Adobe Lightroom

A couple of weeks ago, I signed up for a year of Adobe Creative Cloud. I'd been looking at it for a while, as a professional development activity, but the price had put me off. Then a special offer came along, which made it a wee bit more affordable, so I splashed out!

It comes with more than twenty apps, which is more than I can process in one go, so I decided I would start with Photoshop and Illustrator. I watched dozens of the online video tutorials, which were a great introduction to Photoshop. I haven't really touched Illustrator yet, though I will be doing. What I have discovered, which I really like, is Lightroom.

Lightroom stood out because, as well as the app, there is a web version of it, so I can use it wherever I happen to be. It will take a while of playing with the different sliders to know what works best, but it certainly helps solve one of my main photography problems.

I have a black dog. Black dogs are a pain in the backside to get good photos of. To make it worse, my sister brought her new puppy round yesterday and he is light coloured. So I was trying to photograph two contrasting coloured dogs in bright sunlight, neither of which was ready to stand still!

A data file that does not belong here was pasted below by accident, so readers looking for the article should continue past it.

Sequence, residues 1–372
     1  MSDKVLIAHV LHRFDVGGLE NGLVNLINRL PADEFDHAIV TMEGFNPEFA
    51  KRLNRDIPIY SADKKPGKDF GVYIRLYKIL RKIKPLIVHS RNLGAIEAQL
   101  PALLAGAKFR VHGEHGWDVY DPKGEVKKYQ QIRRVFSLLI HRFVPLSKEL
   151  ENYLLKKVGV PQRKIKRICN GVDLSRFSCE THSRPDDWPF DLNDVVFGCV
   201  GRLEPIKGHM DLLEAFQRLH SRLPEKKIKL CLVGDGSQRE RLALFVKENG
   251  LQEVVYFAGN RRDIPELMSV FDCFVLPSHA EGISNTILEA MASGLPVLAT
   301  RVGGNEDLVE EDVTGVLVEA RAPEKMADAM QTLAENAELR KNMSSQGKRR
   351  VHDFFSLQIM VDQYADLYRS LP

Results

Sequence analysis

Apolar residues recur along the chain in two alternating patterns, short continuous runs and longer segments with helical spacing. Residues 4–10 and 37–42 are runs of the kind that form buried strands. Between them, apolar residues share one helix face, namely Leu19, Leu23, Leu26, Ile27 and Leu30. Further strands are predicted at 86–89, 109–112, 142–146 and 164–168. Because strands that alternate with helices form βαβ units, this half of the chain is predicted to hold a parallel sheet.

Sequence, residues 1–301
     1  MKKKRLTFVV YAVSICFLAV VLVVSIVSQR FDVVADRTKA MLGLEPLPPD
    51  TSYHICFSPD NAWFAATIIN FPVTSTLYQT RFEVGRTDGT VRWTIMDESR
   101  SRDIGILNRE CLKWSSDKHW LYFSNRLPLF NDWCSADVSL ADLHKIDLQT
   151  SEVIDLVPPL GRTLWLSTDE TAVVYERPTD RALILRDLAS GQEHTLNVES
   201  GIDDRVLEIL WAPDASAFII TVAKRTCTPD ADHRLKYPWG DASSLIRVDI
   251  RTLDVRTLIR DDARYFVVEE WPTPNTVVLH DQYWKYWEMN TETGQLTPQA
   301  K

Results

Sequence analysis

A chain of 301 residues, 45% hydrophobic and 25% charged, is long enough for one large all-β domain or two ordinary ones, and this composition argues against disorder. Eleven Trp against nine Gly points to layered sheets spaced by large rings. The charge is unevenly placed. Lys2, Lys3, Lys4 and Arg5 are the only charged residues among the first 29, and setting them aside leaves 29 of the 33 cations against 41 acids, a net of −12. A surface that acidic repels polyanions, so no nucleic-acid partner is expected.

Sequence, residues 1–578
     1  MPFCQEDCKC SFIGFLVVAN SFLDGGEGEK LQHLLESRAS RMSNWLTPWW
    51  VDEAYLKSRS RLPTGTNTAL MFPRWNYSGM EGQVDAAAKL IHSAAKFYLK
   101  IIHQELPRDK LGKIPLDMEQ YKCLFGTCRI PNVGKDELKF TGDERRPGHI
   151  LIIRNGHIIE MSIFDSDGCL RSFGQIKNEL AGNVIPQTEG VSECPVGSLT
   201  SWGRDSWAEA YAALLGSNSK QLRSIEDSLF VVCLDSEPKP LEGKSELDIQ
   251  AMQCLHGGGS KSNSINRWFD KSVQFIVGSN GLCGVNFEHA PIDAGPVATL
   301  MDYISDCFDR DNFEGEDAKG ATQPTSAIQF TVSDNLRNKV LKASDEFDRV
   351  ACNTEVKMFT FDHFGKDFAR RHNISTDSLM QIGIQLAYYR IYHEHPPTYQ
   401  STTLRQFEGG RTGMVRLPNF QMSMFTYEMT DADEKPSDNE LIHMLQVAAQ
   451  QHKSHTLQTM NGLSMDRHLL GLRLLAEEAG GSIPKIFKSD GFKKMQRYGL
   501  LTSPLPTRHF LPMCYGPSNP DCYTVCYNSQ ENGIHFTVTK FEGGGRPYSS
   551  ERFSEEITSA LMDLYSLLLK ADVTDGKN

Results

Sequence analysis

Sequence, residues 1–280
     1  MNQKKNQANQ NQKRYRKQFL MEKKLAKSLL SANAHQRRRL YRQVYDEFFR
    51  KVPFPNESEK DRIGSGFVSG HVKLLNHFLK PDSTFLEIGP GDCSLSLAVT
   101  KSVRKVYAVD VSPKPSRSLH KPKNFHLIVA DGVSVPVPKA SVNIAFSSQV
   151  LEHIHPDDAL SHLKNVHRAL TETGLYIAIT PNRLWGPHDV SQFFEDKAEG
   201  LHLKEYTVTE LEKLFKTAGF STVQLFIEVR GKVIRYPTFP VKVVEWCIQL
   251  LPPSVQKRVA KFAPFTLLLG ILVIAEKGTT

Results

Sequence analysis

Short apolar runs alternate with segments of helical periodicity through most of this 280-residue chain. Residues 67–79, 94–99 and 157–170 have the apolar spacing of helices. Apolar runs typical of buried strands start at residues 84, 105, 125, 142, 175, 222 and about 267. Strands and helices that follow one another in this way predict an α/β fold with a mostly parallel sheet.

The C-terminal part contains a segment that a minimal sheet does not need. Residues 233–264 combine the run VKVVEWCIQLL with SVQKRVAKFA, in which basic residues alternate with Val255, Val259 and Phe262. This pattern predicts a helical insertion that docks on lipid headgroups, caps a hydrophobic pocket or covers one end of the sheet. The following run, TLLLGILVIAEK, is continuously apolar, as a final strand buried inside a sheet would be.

The original photo

Buddy and Liggy, sniffing each other and the ground on the decking

The main problems with this photo are:
  • Liggy is just a black mass, with no detail
  • Buddy is also rather dark (he's not in real life though)
  • The whole photo looks a little dull.


Automatic adjustments

Same photo as above but auto adjusted in Lightroom

The first thing I do is click the 'auto' button. This does some automatic adjustments, which are sometimes quite big, but often rather subtle. In this photo, Liggy (black dog) has been lightened a little, making her face more distinct. 

Then I play with the sliders:
  • exposure
  • contrast
  • highlights
  • shadows
  • whites
  • blacks
  • vibrance
  • saturation
  • texture
  • clarity
  • dehaze
There are others, but these are the ones that are making the most difference to my black/light doggy issues.

Same photo but the black dog is clearer and there is more light on them.

I prefer this photo now. Liggy is more distinct and less of a black shape. Buddy has a little more colour and doesn't look so dark. He also stands out from Liggy better, I think.

Another advantage of Lightroom is that you can create albums and store all your photos in the Adobe Cloud, which means they are easy to access and edit on the go. Of course, some of this can also be done in Photoshop. There seems to be a fair bit of crossover. And Photoshop does a whole lot more, giving the ability to correct things, delete unwanted items, clean it up a bit, etc. 

For everyday photo editing though, I think Lightroom is the most useful app I've seen in ages... and possibly the least well-known. 

Before and after


Original photo

Edited photo




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